32-bit v. 64-bit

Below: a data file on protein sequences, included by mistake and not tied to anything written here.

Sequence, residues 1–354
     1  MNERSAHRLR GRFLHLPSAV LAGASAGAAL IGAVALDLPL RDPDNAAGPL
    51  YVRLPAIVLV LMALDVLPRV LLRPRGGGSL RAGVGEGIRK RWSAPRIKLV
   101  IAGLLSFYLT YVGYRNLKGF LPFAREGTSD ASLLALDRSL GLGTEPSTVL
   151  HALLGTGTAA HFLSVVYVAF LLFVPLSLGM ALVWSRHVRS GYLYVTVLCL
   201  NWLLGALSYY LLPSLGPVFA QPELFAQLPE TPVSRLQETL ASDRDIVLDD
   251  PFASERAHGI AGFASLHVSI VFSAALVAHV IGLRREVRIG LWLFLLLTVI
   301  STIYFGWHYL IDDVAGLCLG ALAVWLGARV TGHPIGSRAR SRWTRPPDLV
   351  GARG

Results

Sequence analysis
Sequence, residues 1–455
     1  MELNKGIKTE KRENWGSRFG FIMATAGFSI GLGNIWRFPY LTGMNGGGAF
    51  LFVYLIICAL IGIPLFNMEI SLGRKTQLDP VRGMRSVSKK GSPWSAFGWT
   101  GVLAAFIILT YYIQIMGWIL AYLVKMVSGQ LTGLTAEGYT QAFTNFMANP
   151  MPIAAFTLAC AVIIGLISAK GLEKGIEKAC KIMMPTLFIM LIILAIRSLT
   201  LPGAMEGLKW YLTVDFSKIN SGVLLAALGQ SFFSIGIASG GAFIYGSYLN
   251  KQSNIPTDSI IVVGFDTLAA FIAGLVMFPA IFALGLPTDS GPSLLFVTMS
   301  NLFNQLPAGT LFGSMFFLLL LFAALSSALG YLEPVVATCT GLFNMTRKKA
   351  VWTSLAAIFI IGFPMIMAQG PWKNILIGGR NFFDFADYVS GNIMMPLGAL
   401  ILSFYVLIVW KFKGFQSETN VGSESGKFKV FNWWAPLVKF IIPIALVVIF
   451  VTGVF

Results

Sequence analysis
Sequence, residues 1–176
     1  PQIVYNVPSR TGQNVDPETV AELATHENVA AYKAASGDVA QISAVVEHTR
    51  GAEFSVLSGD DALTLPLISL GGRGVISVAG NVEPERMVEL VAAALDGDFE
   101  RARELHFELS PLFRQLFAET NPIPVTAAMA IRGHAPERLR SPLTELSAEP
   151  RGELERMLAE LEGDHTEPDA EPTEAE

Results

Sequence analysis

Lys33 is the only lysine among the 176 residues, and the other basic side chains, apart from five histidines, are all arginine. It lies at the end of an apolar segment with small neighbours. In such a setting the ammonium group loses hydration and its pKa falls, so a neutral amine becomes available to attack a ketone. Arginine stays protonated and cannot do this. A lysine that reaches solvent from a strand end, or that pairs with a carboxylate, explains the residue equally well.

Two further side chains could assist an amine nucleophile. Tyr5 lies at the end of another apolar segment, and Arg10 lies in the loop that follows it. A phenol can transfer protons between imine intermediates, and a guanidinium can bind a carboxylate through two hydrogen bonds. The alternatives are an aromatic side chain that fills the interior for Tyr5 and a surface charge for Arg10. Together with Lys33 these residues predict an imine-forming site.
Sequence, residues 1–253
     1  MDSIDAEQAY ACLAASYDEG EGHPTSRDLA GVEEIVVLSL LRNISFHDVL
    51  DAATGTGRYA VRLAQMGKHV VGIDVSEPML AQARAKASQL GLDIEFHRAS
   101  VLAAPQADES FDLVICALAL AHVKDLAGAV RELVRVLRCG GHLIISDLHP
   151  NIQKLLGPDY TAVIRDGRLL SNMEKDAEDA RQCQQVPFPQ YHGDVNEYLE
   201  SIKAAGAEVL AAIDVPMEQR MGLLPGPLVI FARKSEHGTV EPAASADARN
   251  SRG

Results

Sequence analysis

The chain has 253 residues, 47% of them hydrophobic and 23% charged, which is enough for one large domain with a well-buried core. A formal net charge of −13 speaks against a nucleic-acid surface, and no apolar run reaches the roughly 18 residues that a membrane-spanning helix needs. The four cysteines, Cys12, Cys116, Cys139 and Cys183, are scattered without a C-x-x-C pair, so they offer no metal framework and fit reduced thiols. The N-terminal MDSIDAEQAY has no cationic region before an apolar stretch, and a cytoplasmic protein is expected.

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http://crunchbang.org – 64-bit means more overhead, but it doesn't flat-out double memory use. The 'natural' difference in RAM use is quite small, but can grow if we need to load the same libraries in 32- and 64-bit versions.There are quite a few advantages other than how much RAM can be addressed, but programs have to make use of them. A lot of proprietary software isn't available in 64-bit versions, and if it is that may get less attention... a bit problematic if that applies to drivers. Not a problem with free software.I'd avoid 64-bit if...- there are serious compatibility problems- my mo (HowTos)